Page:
Unique Insurance is in a class of it's own. Earning an "F" rating from the Better Business Bureau, claimants are finding out that Unique Insurance is not quick to settle a claim. NBC 5's Investigates Lisa Parker talked to two people who have been going round and round with the insurance company.
Over the past two years, hundreds of motorists have alleged a Chicago-based auto insurance company has systematically denied claims and refused to pay people whose cars were damaged in accidents caused by its customers.
Unique Insurance, based in Chicago's Portage Park neighborhood, is a non-standard insurer that does a relatively low volume of business but earns a high volume of complaints. It is tied for the second-highest total of consumer complaints for the last two years and also holds an "F" rating from the Better Business Bureau.
Consumers who've tried to deal with Unique in getting claims resolved tell stories of frustration, dead-ends and getting the run-around.
Ghiath "Gus" Hammoud drives a limo for a living. When a Unique-insured driver hit him in Evanston last June, he said that driver immediately admitted she was trying to squeeze past his car to make a light. Hammoud said the woman was ticketed in the accident -- which he thought would make getting his claim paid smooth-sailing. Not so much.
"I called every single week [and got the] same answer," Hammoud said of Unique's unwillingness to give him any answers about the damage on his car. "I told them I have the police report, but I don't think it matters to them. What matters to them is just giving you the runaround."
Hammoud waited two months before getting Unique's answer: a denial, "based on conflicting statements from the parties."
"Conflict?!" Hammoud said in amazement. "What conflict? Of course she's not going to say she's guilty!"
Hammoud says Unique never bothered to look at the Evanston police report, which clearly states their driver was at fault. Unique also declined to answer any of NBC5 Investigates' questions on Hammoud's case.
The company did have to answer to state authorities in 2004 and 2008, when the Department of Insurance conducted a Market Conduct Exam and subsequent re-examination. The state cited Unique for multiple violations of state regulations. The company paid $30,000 in its most recent case. Last year, the company took in $31M in direct written premium payments.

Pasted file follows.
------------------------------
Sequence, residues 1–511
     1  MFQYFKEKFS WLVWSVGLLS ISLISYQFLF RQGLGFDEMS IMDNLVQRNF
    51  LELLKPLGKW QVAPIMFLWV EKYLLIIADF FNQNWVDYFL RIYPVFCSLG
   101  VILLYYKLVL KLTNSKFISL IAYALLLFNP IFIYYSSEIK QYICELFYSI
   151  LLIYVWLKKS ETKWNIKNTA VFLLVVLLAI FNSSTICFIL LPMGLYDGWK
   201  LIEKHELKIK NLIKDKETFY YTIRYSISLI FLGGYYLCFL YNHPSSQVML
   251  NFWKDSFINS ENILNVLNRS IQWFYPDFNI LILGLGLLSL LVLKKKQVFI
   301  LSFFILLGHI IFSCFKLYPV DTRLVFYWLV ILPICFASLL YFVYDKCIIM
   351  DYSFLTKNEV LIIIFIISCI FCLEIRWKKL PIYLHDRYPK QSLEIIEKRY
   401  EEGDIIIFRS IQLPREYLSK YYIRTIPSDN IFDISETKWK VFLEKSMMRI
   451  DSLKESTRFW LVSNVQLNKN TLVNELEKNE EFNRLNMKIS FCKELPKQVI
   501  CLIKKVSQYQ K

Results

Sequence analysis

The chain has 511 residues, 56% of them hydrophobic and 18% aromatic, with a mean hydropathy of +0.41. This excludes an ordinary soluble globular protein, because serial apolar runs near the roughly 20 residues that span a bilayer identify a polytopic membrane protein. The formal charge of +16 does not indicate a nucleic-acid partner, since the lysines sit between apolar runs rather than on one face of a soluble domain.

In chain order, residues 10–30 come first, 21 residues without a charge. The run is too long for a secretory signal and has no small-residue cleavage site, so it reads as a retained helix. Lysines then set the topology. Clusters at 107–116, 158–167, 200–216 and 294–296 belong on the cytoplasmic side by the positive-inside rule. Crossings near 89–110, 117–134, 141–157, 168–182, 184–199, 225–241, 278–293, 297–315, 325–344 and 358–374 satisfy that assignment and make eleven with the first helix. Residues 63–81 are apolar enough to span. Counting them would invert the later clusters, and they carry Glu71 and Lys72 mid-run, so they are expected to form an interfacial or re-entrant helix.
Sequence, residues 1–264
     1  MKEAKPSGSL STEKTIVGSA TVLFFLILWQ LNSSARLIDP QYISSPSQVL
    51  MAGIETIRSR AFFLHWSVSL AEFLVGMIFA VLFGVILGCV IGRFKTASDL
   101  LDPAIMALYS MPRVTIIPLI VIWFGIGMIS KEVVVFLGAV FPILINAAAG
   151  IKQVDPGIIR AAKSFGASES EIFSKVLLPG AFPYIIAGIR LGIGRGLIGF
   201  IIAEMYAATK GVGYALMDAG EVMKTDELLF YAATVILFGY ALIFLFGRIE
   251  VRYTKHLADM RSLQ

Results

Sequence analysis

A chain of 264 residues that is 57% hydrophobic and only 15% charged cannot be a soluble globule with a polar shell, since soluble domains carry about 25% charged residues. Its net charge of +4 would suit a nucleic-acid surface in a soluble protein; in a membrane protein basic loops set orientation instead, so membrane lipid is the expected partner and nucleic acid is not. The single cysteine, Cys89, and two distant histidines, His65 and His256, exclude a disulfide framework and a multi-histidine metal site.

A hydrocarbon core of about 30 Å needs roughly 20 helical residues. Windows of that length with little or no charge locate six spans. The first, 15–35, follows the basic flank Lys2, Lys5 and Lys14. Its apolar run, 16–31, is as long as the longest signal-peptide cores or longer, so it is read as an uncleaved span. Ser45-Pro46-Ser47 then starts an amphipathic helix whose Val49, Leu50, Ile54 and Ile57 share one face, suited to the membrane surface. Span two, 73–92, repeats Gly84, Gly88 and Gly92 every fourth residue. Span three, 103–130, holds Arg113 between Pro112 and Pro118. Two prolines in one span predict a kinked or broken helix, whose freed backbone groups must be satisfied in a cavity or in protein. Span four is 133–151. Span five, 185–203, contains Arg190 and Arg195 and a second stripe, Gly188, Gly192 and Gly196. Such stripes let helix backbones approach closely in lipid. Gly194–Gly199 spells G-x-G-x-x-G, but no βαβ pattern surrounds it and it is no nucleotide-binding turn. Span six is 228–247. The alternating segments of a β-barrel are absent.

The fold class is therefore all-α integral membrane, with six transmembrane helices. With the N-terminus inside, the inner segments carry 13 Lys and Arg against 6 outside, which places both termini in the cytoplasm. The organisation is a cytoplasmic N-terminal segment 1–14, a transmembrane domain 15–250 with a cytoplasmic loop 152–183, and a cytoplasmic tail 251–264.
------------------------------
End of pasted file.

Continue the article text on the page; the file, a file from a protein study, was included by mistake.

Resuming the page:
"It doesn't take a rocket scientists to figure out that one," former insurance industry insider and current consumer advocate Mark Romano said, of the non-standard insurance model in general. "You're taking in premiums and paying out as little as you can? It's a win-win for them."
Romano says non-standard insurers fill a void in the industry, often insuring the highest-risk drivers. But he is also not surprised a company like Unique is at the top of the state consumer complaint lists.
"They collect the premium and they resist at all costs on paying out on the claims, until they're forced to by a judge, arbitrator, etc.," Romano said.
In response to NBC5 questions, the president of Unique Insurance Company, Matthew J. Dutkanych, issued the following statement last week:
"Due to the nature of our business, we typically cannot discuss any client situation publicly. Our relationships are built on trust and Unique Insurance has a fiduciary duty to safeguard this trust and the clients' privacy.
Unique Insurance prides itself on providing a high level of service to its insured clients as well as claimants. We do our best to maintain this standard in handling each and every claim daily. Moving forward, we will continue to build on this foundation in our efforts to reach a "Gold Standard" level of service.
Thank you again for providing this opportunity, we know you understand our policy and hope you will comply with keeping our clients' privacy at the forefront of your report."
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